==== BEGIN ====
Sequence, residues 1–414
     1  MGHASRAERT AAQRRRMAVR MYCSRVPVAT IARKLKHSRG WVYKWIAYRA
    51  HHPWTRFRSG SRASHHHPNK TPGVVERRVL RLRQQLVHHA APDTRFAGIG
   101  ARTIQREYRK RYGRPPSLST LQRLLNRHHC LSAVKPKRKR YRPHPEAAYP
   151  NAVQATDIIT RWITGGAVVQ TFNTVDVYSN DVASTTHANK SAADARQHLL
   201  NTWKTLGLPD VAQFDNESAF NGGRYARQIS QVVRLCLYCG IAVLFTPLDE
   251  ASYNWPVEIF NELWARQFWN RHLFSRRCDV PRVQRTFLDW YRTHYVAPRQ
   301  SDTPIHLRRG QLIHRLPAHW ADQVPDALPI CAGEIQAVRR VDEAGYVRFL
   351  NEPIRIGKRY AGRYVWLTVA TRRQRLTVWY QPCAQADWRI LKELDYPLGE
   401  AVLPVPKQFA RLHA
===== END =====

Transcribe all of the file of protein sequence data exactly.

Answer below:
Sequence, residues 1–414
     1  MGHASRAERT AAQRRRMAVR MYCSRVPVAT IARKLKHSRG WVYKWIAYRA
    51  HHPWTRFRSG SRASHHHPNK TPGVVERRVL RLRQQLVHHA APDTRFAGIG
   101  ARTIQREYRK RYGRPPSLST LQRLLNRHHC LSAVKPKRKR YRPHPEAAYP
   151  NAVQATDIIT RWITGGAVVQ TFNTVDVYSN DVASTTHANK SAADARQHLL
   201  NTWKTLGLPD VAQFDNESAF NGGRYARQIS QVVRLCLYCG IAVLFTPLDE
   251  ASYNWPVEIF NELWARQFWN RHLFSRRCDV PRVQRTFLDW YRTHYVAPRQ
   301  SDTPIHLRRG QLIHRLPAHW ADQVPDALPI CAGEIQAVRR VDEAGYVRFL
   351  NEPIRIGKRY AGRYVWLTVA TRRQRLTVWY QPCAQADWRI LKELDYPLGE
   401  AVLPVPKQFA RLHA